There’s nothing like the smell of black powder in the morning, along with the excitement and burnt propellant in the air that comes after launching a model rocket. All those 60s, 70s, 80s and 90s kids out there may remember the classes of model rocket engines – generally A, B, C, and D sized engines used to push your cardboard tube with balsa fins skyward.
A lot has changed in the world of model and amateur rocketry in the last few years. In 2009, the Tripoli Rocketry Association won a lawsuit against the Bureau of Alcohol, Tobacco, Firearms and Explosives to allow the sale of Ammonium perchlorate rocket engines to anyone. This lawsuit took almost 10 years to come to a head, but finally anyone can walk into Hobby Lobby and come out with D, E, F, and G engines in hand. Even our old favorite, Estes rockets, has gotten into the game by putting out a few awesome G-powered kits. With these off-the-shelf motors, anyone (in the US, at least) can launch a G-powered model rocket weighing under 1500 grams (3.3 lbs) without the need for a certification.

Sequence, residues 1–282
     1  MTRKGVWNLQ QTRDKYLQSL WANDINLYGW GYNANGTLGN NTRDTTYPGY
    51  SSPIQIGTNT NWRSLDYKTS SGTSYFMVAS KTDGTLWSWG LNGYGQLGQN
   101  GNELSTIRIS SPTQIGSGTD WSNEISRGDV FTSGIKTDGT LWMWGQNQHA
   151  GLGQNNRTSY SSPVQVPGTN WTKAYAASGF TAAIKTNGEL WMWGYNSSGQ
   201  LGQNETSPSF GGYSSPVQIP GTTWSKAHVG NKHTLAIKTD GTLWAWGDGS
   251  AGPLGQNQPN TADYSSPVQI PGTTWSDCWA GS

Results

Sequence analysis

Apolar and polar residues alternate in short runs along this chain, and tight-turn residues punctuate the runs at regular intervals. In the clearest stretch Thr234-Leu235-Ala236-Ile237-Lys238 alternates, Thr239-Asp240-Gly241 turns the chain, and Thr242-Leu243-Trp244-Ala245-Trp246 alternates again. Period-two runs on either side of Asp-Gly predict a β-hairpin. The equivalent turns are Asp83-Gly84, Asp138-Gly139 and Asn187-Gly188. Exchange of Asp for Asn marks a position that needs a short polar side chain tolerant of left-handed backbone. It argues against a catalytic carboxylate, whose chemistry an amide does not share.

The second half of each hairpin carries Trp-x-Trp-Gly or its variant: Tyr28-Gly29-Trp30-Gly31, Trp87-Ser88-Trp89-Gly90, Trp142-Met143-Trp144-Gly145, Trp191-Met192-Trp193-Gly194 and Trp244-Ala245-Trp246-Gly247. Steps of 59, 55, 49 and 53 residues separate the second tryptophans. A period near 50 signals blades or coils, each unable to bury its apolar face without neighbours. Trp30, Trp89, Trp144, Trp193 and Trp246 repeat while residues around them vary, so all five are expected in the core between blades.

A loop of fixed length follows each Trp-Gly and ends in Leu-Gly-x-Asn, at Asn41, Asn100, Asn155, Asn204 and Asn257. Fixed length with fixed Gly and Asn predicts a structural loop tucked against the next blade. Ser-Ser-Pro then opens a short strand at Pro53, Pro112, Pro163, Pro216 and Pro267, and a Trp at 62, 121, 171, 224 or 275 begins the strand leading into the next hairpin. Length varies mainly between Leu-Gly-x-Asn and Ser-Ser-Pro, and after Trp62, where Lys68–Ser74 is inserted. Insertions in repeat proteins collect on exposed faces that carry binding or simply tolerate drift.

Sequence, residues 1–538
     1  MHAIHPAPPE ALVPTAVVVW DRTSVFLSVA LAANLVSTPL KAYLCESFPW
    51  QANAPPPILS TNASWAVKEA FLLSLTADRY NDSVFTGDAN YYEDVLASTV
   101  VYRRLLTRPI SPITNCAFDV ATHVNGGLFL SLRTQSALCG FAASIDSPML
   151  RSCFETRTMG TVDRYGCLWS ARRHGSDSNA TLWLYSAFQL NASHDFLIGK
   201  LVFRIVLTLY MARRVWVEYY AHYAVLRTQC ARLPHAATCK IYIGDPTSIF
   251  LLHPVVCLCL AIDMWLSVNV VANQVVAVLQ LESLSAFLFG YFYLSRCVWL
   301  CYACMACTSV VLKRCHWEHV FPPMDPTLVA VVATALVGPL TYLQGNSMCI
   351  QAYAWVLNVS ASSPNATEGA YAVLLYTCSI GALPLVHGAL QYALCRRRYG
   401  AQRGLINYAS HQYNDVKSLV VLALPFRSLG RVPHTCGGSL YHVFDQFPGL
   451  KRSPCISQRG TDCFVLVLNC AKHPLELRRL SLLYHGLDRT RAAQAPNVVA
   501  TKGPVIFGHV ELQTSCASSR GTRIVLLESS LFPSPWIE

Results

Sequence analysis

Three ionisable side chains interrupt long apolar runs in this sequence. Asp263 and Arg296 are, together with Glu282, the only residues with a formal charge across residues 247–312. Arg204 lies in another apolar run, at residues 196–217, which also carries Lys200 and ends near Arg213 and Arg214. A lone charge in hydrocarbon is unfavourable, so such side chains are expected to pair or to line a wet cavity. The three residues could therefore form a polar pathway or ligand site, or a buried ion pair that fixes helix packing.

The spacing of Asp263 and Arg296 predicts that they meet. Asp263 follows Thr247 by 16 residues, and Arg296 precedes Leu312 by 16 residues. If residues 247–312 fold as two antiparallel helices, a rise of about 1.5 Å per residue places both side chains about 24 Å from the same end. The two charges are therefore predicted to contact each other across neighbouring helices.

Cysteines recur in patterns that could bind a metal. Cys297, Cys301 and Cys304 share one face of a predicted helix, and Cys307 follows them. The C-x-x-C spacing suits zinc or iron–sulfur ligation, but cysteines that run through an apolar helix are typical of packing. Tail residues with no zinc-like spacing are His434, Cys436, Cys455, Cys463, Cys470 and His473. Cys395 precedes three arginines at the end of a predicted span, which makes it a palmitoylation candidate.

With that in mind, we’re putting out a call for model rocket hacks. If you put together an microcontroller-powered altimeter project, awesome. Send it in. On board video camera? Great! Even if you built a huge replica of the Titan IIIe (or the Estes Star Rider, a personal favorite), send that thing in. If you’re going for a huge Saturn V, the record to beat is a 1/10 scale model, so get on it.